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SINGAPORE: Some companies in Singapore are keeping their current safe-management measures despite the recent spike in COVID-19 cases, but told CNA they will monitor the situation and introduce stricter requirements if necessary.

Chan Brothers Travel, which has measures including staggered work and lunch hours and flexible work-from-home arrangements, said it will continue with its approach.

It is a similar case for Pegasus Travel, although the local firm said it is prepared to revert to a split-team arrangement – where half of its workers work from home while the rest work in the office – if the situation worsens.

“Currently, our staff all have to wear masks while in the office unless they have their own rooms, then it’s up to them whether they want to wear it or not,” said the company’s managing director Charles Tan.

Other companies such as local bank OCBC told CNA they were doing the same – keeping current measures but being ready to adapt if necessary.

COVID-19 regulations for workplaces in Singapore were eased in June, when all workers were allowed to return to the office with no safe-distancing requirements. While masks continue to be mandatory indoors, employees can remove their masks as long as they are not interacting physically with others and not in customer-facing areas.

Nearly 10,000 new COVID-19 cases were reported in Singapore on Wednesday (Jul 6) – 9,525 local and 464 imported infections. This came a day after the country reported 12,784 daily cases, its highest since Mar 22.

The surge in infections has prompted at least one company here to tighten measures to prevent the spread of the virus.

On Monday, tourist attraction Madame Tussauds Singapore re-established safe-distancing requirements for its employees, preventing group gatherings and requiring staff members to dine alone at work.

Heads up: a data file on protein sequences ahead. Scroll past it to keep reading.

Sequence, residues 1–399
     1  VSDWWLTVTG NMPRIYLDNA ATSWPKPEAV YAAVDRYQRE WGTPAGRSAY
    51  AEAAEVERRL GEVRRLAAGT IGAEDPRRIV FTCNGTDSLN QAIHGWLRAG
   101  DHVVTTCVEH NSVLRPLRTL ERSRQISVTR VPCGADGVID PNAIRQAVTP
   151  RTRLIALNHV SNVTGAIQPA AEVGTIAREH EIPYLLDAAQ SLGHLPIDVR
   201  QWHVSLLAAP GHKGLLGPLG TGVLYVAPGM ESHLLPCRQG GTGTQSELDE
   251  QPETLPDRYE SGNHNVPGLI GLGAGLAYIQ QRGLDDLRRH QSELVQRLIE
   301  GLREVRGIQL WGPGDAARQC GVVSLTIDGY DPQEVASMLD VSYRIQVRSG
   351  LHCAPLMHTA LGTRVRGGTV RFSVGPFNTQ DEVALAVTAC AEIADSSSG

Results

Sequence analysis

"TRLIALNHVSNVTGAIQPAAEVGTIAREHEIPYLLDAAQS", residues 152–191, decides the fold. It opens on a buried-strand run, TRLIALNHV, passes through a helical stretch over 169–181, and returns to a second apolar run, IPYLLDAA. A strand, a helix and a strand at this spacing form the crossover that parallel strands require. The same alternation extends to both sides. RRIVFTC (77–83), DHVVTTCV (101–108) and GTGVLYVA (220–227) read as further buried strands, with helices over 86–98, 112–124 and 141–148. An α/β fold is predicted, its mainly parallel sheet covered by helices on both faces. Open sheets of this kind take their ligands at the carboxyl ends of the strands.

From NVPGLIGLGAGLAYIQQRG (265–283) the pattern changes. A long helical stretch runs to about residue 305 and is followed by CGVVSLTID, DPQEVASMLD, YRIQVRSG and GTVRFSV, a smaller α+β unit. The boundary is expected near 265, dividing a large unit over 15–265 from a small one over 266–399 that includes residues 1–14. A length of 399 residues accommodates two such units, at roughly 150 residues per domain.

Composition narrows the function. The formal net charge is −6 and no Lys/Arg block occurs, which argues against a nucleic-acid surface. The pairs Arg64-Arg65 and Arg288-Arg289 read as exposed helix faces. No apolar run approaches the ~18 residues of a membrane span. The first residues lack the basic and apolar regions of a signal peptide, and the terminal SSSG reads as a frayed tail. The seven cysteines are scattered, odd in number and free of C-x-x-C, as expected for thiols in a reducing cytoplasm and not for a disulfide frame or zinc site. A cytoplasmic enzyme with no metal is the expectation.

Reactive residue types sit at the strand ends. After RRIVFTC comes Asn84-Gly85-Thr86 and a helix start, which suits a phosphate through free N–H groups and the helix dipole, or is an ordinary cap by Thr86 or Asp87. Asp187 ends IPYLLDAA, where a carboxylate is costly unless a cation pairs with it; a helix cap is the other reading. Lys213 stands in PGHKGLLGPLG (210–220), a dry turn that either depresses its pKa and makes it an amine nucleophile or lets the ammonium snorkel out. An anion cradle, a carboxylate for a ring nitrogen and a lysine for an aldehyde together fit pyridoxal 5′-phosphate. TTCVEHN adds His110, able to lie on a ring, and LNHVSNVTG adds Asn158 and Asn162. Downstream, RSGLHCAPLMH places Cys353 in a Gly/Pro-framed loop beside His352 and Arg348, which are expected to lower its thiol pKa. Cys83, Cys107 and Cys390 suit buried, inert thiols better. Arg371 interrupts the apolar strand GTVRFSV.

They are also now required to wear masks at all times unless they are eating or drinking.

Previously, employees were allowed to eat together during their one-hour lunch break and could take their masks off in the office as long as they weren’t interacting physically with others or in customer-facing areas.

“As our business is highly reliant on frontline staff, we cannot afford an internal cluster forming,” said the attraction’s head of commercial operations Sylvia Tan. “We need to ensure business continuity and make sure that our business can continue to run.

“The last thing we want to do is to put our workers at risk. We cannot control what they do out of work, but when they are at work, it’s our responsibility to make sure that our staff are safe.”

The company is also providing free masks and gloves for employees, especially those who are in customer-facing roles.

“We are quite strict on all these sanitising measures to make sure that our teams are safe,” she said, adding that employees are encouraged to change their masks and gloves after coming into contact with high-touch surfaces or areas.

None of the companies CNA contacted said they will be reinstating mandatory regular testing.

“There’s no need to do so at the moment, so we’ll only do that if someone is exposed to a COVID-19 infection in the workplace,” said Ms Tan. “So if someone goes out after work with a friend and a friend has caught COVID, we will not cover that.

“But we will provide ART kits if someone on-site tests positive and then everyone around them will be issued ART kits too.”

Pegasus Travel’s Mr Tan said his company has no plans to reactivate mandatory routine testing and will take the cue from the Government.

“For us, we will follow the guidelines issued by Singapore Tourism Board or the Ministry of Health. There’s no requirement to have mandatory routine testing yet, so we don’t have routine testing going on at this point in time,” he said.

“But if necessary, then of course, we will revert to what we did in the past, such as testing ourselves every week.”